Saskatchewan Jewish history moves to Quebec
At the age of 80, after 40 years of researching and collecting material on the Jewish farming colonies of Saskatchewan, scholar Anna Feldman donated the entire body of research to the Canadian Museum of History in Gatineau, Que. Among the materials are audiocassettes with songs, interviews and oral narratives, personal memoirs and other textual documents. It’s a rich contribution that sheds light on those small colonies and the hopes and dreams of their Jewish inhabitants, said Judith Klassen, music curator at the museum.
“It really makes sense for it to be here,” Klassen said. “The breadth of Anna’s work is really exciting. For example, she didn’t record only one particular genre of song as she looked at Yiddish song and culture. Rather, she recorded different types of music from a broad spectrum of people, including cantorial training, ornamentation, traditional song and storytelling.”
How Jews ended up in Saskatchewan
Jews arrived in Saskatchewan in the 1880s, many fleeing from persecution in Europe. They established farming colonies with names like New Jerusalem, Sonnenfeld and Edenbridge and, by 1930, those colonies were populated by thousands of Jewish farmers and their families. The Jewish colonies’ decline started in the 1930s with the Depression and drought. By the 1960s, most of the farm colonists had left the land for larger cities. Today, all that remains is open prairie where homes and settlements once were, small cemeteries marking the graves of the original settlers. In Edenbridge, the Beth Israel Synagogue, constructed in Carpenter Gothic style in 1906 and used until the 1960s, is now a municipal heritage site. But for any kind of context about the lives lived here, you have to go to the museum.
Fortunately, material like Feldman’s, which is being processed for the public archives, is accessible. To immerse yourself in the collection you have to travel to Gatineau, but for those who are looking for specific documents, those can be ordered, copied, scanned or mailed. “We’ve already had inquiries from people interested in this collection, even from outside of Canada, which shows it’s of interest beyond our borders,” Klassen said.
The origins of the research
Feldman’s interest in the Jewish pioneers was sparked when she married the son of a pioneer family from the Sonnenfeld homestead. Her late spouse was attached to Sonnenfeld all his life and Feldman’s first interview was in 1978, with his mother.
An accomplished scholar, Feldman returned to university as a mature student and obtained an ARCT in singing, a bachelor of music and a master’s degree in Canadian studies from Carleton University. In 1983, she received the Norman Pollock Award in Canadian Jewish Studies. Today, she lives in a seniors residence in Toronto.
Feldman began donating her collection of music to the Museum of History’s Centre for Folk Culture Studies in early 2000. The first 188 audio cassettes containing interviews with Jewish musicians, homesteaders, merchants and professionals who were part of the rural farming communities in Saskatchewan have been processed and are available in the catalogue. Part two of her collection is still being processed.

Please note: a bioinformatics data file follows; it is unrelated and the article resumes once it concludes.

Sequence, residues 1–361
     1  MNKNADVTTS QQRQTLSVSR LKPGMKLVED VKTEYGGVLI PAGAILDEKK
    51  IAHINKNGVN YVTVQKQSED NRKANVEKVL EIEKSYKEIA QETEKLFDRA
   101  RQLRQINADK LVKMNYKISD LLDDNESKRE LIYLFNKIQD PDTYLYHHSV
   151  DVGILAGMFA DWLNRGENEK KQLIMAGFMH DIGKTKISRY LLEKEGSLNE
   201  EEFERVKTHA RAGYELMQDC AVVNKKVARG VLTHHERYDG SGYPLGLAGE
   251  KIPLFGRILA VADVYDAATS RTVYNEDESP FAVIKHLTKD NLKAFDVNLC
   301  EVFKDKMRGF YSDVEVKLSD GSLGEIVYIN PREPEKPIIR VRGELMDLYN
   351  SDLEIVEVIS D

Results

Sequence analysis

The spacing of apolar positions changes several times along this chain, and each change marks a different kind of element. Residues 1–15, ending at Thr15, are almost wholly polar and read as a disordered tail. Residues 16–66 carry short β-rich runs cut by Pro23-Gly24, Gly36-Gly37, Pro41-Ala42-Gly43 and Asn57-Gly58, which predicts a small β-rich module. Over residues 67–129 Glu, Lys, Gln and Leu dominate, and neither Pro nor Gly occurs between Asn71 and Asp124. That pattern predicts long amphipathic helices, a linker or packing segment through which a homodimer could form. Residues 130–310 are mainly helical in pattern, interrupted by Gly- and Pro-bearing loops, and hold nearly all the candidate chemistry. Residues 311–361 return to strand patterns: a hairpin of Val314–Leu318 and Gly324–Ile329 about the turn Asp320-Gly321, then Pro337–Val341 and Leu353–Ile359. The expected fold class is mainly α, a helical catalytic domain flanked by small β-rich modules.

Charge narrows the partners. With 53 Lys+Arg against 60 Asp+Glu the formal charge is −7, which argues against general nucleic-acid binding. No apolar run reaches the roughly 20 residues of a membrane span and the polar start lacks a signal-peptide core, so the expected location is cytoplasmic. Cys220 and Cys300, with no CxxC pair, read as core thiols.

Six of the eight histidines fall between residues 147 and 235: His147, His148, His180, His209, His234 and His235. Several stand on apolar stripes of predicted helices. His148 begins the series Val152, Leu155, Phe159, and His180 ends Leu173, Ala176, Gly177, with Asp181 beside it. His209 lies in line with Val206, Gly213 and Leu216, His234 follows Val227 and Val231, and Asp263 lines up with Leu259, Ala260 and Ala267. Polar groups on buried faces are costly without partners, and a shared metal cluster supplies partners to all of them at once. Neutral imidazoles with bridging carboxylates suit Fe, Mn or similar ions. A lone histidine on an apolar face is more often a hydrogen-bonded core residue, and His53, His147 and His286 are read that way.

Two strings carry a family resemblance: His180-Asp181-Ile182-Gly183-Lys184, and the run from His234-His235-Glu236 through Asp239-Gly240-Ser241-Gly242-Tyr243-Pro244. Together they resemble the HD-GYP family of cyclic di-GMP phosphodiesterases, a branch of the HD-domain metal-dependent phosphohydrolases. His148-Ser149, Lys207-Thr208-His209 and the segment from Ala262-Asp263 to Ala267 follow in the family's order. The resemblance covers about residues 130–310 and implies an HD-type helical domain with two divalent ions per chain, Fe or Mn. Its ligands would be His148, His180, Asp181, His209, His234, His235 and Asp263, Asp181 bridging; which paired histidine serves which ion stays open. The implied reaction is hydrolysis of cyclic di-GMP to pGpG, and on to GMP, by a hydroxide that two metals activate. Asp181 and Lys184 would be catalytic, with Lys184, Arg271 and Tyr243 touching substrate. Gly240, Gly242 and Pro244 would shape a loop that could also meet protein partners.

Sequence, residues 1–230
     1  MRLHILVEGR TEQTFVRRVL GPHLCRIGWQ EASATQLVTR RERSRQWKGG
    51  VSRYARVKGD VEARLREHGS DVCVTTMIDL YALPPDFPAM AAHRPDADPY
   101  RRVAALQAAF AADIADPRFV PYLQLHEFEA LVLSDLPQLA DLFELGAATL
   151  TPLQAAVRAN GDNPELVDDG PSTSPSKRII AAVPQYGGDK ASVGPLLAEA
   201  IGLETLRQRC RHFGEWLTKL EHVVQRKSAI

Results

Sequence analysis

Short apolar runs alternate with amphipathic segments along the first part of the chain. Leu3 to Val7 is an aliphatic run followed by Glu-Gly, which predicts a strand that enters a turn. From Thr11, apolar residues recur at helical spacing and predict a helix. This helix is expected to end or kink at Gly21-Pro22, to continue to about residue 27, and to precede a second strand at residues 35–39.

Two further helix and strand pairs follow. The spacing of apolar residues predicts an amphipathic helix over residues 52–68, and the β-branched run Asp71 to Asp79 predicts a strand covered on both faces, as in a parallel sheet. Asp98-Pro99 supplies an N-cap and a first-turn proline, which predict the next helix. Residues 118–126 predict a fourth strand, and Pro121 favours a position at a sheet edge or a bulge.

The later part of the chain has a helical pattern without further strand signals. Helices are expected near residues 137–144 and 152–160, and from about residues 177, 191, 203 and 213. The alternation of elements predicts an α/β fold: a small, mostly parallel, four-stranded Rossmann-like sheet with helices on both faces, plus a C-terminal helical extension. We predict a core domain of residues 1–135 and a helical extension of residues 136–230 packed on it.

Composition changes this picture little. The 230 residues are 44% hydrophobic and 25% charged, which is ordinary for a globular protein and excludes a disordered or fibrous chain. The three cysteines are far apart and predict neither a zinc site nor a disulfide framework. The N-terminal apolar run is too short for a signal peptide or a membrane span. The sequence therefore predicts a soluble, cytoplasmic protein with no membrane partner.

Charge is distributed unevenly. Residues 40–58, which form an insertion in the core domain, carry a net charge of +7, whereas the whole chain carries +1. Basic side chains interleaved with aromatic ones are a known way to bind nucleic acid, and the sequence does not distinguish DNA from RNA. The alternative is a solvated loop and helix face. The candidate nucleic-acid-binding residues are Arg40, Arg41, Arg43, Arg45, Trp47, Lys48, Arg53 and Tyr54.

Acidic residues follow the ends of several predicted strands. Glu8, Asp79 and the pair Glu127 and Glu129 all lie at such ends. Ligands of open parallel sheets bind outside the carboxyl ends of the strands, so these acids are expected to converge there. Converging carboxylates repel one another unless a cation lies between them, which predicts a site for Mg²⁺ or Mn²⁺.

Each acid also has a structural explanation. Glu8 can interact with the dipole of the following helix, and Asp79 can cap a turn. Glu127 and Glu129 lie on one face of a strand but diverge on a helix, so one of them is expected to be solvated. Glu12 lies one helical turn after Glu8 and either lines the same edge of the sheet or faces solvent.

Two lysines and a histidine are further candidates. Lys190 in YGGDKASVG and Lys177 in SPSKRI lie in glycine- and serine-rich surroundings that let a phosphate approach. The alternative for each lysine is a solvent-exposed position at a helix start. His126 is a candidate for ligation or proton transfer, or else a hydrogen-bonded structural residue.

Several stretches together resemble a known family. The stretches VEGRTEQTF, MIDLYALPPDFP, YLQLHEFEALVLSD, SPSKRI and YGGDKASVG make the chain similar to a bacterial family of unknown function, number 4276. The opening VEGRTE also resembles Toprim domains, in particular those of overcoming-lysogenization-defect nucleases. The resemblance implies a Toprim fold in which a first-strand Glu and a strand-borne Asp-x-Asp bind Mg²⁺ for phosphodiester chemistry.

“In terms of Jewish cultural expression and settlement in Saskatchewan, this collection is foundational,” Klassen noted. Partly, that’s due to Feldman’s skill as an interviewer. “She’s very pointed in her questioning and very thoughtful in how she asks questions. She allows her subjects to talk about their background and interests, but guides them so she covers the key areas she is interested in. In the breadth of her fieldwork and interviews, you get a nuanced perspective on the experiences people had; for example, on antisemitism, but also on mutual respect. You see there’s a broad spectrum of opinions even within the particular settlement. That’s one of the really unique things about this collection.”
The importance of Feldman’s work
“I don’t want the people of Canada, especially the Jews, to be unaware that we had pioneers in Canada who came here when there was no one else in the land. Jews don’t know about this and neither does the general public, and I think people should know about it,” Feldman has reflected.
After her first interview, she traversed Canada twice looking for Jewish pioneers and their children. “I remember visiting one family in Winnipeg whose elderly mother was a descendent of a Jewish pioneer family,” she recalled. “She was blind and unwell, but when she heard about my interest she met me and we had a wonderful time. She was reminiscing and we sang songs together until 2 a.m.!”
What she learned from those interviews is that the early Jewish pioneers in Canada suffered a great deal. “They had the economic depression, problems with weather, land and soil, and all sorts of plagues, but they had the strength to survive,” Feldman said. “They weren’t farmers when they came, and Canada didn’t want Jews, but the Canadian government was afraid the Americans would take over the Prairie provinces, so because of that they allowed the Jews to come.”
She continued, “I think people should have pride in all [that] those Jewish pioneers accomplished. They survived in spite of all the difficulties they had and they made a tremendous contribution to Canada – them, their children and their children’s children.”
A list of the material catalogued thus far is available on the museum’s website at historymuseum.ca. Search the archives by author Anna Feldman to find a description of the material in each box.
Lauren Kramer, an award-winning writer and editor, lives in Richmond, B.C. To read her work online, visit laurenkramer.net.